Welcome to the official first day of spring! It’s time to make traditional Yorkshire curd tarts from the Northeast of England.
Let us bake this regional treat, which dates back to the early 17th century, and remember the area’s most famous siblings: the Brontë sisters. Born and bred in West Yorkshire, it’s fair to assume that they ate a few curd tarts in their day.
As March is also the perfect weather to roam the Yorkshire moors in the chilly wind and temperamental rain, it’s best to pair this baking adventure by channeling Emily Brontë and her masterpiece, Wuthering Heights. In the book, March 20 is also Cathy’s birthday (and the anniversary of her mother’s death) as well as the date when she meets Heathcliff and 15-year-old Linton.
When you conjure up Emily Brontë’s voice, imagine her sounding similar to fellow Yorkshire lass Daisy from Downton Abbey. Aye, whot? It’s also likely that Mrs. Patmore would make these curd tarts for the Grantham family during teatime.
Yorkshire curd tarts are still popular today, although only in Yorkshire. Elsewhere, this delicacy is virtually unknown. For years, this old version of baked cheesecake pastry has been overshadowed by the popular Yorkshire pudding. No more! Let’s get started.
1.2 liters full-fat milk
The night before baking, you must prepare your curds. According to the 1669 cookbook, The Closet of the Eminently Learned Sir Kenelme Digby Opened, this is how you make curds:
Take 12 quarts of Milk warm from the Cow, turn it with a good spoonfull of Runnet.
Ideally, the milk would come from a Jersey cow (from the Channel Island off the coast of Normandy, France), a breed known for being kind, dainty, and producing milk high in butterfat. If you cannot find “milk warm” from a Jersey cow, substitute with 1.2 liters of full-fat milk from a local cow.
Runnet, more commonly known as “rennet,” is a mammal stomach enzyme used to separate the curds from the whey. You can extract it from a calf’s fourth stomach chamber, but thankfully, this ingredient can be swapped for lemon juice, which is far more convenient and infinitely more pleasing.
Heat the milk in a saucepan until it slowly simmers. Pour the lemon juice into the milk.
Break it well, and put it in a large strainer, in which rowl it up and down, that all the Whey may run out into a little tub; when all that will is run out, wring out more. Then break the curds well; then wring it again, and more whey will come. Thus break and wring till no more come.
As soon as the lemon juice meets the milk, the magic begins. It is also when you should take a spoon and “rowl it up and down.” Rowl with a big spoon, slowly stirring the milk and lemon juice and suddenly they will appear: beautiful, clumpy curds separating from the pale yellow whey. Delight in your curd success. Finally understand the Miss Muffet nursery rhyme.
Lower the heat and stir gently to encourage curds to form (but do not stir too quickly lest you scare away the curds). Your kitchen will smell like cheese. Everything is going according to plan.
Remove from heat and let the curds cool in the whey liquid.
At this stage, kill time by walking along the wild Yorkshire moors as the Brontë sisters surely did while they waited for their own curds to cool. Feel the wind whip in your face. Marvel at the lavender and heather billowing in the wind. Your long dress will protect you from the stinging nettles.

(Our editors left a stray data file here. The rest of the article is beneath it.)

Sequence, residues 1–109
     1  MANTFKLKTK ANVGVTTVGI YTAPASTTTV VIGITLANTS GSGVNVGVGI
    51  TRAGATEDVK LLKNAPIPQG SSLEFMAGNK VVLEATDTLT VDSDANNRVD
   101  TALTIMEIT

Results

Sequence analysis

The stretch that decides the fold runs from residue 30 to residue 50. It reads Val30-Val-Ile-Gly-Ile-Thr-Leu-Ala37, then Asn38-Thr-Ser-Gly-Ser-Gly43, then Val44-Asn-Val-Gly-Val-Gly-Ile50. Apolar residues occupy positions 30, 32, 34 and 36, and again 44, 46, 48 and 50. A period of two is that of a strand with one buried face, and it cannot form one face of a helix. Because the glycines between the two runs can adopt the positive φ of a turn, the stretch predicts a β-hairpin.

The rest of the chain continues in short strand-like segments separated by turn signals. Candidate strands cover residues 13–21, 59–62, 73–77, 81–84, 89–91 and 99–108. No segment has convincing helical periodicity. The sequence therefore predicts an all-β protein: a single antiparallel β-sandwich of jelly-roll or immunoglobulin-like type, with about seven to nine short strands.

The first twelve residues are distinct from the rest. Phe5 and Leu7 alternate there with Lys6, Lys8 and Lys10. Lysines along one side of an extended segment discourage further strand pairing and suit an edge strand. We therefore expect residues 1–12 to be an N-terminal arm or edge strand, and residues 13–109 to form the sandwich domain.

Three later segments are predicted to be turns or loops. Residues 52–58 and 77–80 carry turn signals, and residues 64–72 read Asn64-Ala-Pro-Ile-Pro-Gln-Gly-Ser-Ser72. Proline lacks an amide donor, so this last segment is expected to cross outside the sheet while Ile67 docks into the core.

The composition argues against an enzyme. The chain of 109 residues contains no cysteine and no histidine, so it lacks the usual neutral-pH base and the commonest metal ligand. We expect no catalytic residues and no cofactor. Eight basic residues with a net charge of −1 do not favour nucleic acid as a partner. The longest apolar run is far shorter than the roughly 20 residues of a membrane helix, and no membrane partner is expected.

Once you’ve returned from your walk and taken off your bonnet, place a clean tea towel (dishcloth to us Americans) over a bowl and pour the curd mixture over the towel – this will sieve the curds from the whey. Leave overnight at room temperature (but refrigerate once the curds have separated).
That evening, meet up with your sisters in your dining room and walk around the dining table discussing plots, characters and dramatic love affairs on desolate lands. Then, go to bed. And for God’s sake, close your windows.
The next morning, begin the crust and filling.
Pie Crust Ingredients
140 grams plain flour
pinch of baking powder
85 grams salted butter
1 teaspoon caster sugar
Blend ingredients until smooth (using only your hands and a spoon). When I asked a British observer for advice on how to remove the lumps, he recommended, “Vigor.” Roll out the dough and make a well – add cold water to make it smooth, but not sticky. Place in the refrigerator (if you’re in Yorkshire, just place outside).
50 grams butter
50 grams caster sugar
1 egg (newly laid)
½ teaspoon nutmeg
½ teaspoon allspice
a big handful of currants / raisins
Cream the butter and the sugar with additional vigor. Slowly add the egg until the mixture is smooth. Add the spices. Then, go check on your curds. Gently whisk them into the mixture. Mix in the currants.
Fetch the dough and roll it into your tartlet pans. Spoon the filling onto dough. Fire up the oven to 180° Celsius (400° Fahrenheit) and bake for 35 minutes. Learn German while you wait.
The end result is a cheesy, golden Yorkshire curd tartlet. It’s like eating a lumpy, spicy baked cheesecake that has bares a slight resemblance to scrambled eggs with raisins and pastry. All things considered, it’s not bad and others will be in awe of your homemade cheese curds. It is the kind of tart that can nourish, impress and disgust.
Serve warm, accompanied by a cup of tea. Do not go mad and starve yourself because you are despondent and longing for the Heathcliff in your life. Instead, eat the curd tart and be glad there is a cure for tuberculosis.
Now go write the next great English classic.
Previously: Almanzo Wilder's Winter Pie
Jessica Pan and her friend Rachel wrote a book, Graduates in Wonderland (Gotham), an epistolary memoir about living in Beijing and Paris. It’s out in May and available now for pre-order. It also contains all of their intimate secrets. Find other general nonsense here.